-The first bands that utilized something that approached the stereotypical metal 'harsh vocals' were actually Pink Floyd (Careful With That Axe Eugene) and Alice Cooper (a fair majority of their early 70's material featured very raspy singing that sometimes almost sounded like a growl). Obviously, the proper growls that appeared in death metal in the 80s were vastly more extreme, but those two bands are an important piece of the puzzle as to where these kinds of vocals came from.

-One band that you very noticeably omitted here is Killing Joke. Jaz Coleman has been mixing harsh and clean vocals from the very beginning, including on such seminal tracks as "The Wait" from the 1980 debut album, which features harsh verses and clean refrains. This vocal approach was influential on many bands, but especially on Godflesh and Fear Factory.
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07.06.2016 - 10:40
Ganondox

Written by jupitreas on 06.06.2016 at 16:40

Some notes:
-The first bands that utilized something that approached the stereotypical metal 'harsh vocals' were actually Pink Floyd (Careful With That Axe Eugene) and Alice Cooper (a fair majority of their early 70's material featured very raspy singing that sometimes almost sounded like a growl). Obviously, the proper growls that appeared in death metal in the 80s were vastly more extreme, but those two bands are an important piece of the puzzle as to where these kinds of vocals came from.

-One band that you very noticeably omitted here is Killing Joke. Jaz Coleman has been mixing harsh and clean vocals from the very beginning, including on such seminal tracks as "The Wait" from the 1980 debut album, which features harsh verses and clean refrains. This vocal approach was influential on many bands, but especially on Godflesh and Fear Factory.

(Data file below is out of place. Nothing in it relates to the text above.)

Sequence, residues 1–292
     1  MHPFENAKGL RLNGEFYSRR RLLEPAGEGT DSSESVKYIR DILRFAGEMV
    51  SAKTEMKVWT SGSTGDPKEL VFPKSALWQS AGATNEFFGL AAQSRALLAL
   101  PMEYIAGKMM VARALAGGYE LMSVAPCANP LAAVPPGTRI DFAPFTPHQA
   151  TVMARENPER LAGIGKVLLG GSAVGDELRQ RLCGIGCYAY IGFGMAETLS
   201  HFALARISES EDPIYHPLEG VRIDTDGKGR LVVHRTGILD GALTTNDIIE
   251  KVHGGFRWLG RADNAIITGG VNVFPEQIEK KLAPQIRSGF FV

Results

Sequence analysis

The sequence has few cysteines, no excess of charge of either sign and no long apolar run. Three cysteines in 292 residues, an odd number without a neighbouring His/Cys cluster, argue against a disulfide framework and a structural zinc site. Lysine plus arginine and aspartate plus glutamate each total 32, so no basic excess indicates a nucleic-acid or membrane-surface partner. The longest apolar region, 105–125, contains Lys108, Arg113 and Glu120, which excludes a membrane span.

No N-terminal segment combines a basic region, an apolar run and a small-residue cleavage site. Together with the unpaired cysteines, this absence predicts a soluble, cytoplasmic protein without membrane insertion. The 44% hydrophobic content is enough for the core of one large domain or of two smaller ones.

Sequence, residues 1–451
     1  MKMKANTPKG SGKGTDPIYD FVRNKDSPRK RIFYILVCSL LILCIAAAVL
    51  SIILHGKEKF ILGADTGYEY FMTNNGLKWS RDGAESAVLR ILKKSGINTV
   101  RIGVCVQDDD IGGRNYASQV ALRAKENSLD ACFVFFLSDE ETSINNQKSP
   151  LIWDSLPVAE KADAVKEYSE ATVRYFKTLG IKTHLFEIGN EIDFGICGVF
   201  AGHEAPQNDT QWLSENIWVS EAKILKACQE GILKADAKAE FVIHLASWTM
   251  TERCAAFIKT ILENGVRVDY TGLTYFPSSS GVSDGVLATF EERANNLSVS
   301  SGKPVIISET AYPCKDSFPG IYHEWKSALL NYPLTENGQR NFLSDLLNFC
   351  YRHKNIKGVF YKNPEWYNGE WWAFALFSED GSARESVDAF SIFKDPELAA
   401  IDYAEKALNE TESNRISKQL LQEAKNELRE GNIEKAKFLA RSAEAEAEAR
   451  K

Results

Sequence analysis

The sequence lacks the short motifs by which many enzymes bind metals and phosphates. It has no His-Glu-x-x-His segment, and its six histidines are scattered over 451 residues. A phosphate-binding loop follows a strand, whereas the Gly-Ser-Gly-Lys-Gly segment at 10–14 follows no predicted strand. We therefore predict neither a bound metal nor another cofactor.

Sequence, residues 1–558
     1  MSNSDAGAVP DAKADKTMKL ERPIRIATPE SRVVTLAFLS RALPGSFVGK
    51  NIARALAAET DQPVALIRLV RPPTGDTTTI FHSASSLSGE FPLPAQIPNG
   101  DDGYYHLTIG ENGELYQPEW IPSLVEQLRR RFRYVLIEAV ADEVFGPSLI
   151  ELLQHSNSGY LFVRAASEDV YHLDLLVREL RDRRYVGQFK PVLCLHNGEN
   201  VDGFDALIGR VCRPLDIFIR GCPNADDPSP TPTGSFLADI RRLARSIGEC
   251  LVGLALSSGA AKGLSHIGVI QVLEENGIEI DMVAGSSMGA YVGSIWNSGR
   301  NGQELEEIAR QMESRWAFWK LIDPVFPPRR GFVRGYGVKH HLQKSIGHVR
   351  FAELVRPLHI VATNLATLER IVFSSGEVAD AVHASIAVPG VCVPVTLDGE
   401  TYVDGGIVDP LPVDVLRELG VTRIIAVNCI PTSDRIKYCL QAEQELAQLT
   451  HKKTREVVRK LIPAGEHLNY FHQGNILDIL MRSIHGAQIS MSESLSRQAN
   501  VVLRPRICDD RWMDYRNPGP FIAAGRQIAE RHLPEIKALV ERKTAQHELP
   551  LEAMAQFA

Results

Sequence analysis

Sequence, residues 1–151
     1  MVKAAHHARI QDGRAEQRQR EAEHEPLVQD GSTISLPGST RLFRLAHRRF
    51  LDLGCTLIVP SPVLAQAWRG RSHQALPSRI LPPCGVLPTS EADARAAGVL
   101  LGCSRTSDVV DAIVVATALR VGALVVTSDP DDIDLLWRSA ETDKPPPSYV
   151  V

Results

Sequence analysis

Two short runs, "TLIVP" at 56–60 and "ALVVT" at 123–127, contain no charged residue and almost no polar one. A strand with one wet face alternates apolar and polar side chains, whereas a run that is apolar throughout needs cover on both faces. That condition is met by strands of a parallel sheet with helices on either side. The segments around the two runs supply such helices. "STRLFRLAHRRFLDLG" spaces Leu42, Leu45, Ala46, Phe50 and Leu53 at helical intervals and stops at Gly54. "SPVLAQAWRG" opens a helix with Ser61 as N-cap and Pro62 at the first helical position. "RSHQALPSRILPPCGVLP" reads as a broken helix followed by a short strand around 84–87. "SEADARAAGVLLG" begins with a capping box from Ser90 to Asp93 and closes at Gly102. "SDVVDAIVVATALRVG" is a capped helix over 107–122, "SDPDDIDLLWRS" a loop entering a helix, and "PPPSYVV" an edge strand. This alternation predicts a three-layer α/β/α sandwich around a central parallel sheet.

"Careful With That Axe Eugene" follows the tradition of occasional screaming in avant-garde pieces, it just differed from all those previous pieces by the fact it was actually popular because Pink Floyd. The effect of the screaming in Eugene is also very different than in heavy metal, at least until post-metal, so I don't know if it was actually that much of a influence. Still worth a mention. Regarding Alice and Cooper, I'll investigate that, but from how you describe that I don't know if it's any more significant than Blues screaming and Lemmy's distinctive rasp.

With Killing Joke, this is why I want a discussion before I write an article, as I'm still pretty ignorant. Reason I didn't investigate them is because I didn't really consider them to be part of industrial metal, just industrial rock, but from what you say they sound like they are definable worth investigating and including. Listening to the "The Wait", I can definitely hear the roots of Fear Factory's style there (though it's not nearly as pronounced of a difference between harsh and clean) and it definitely sounds more metal than their other songs from the album.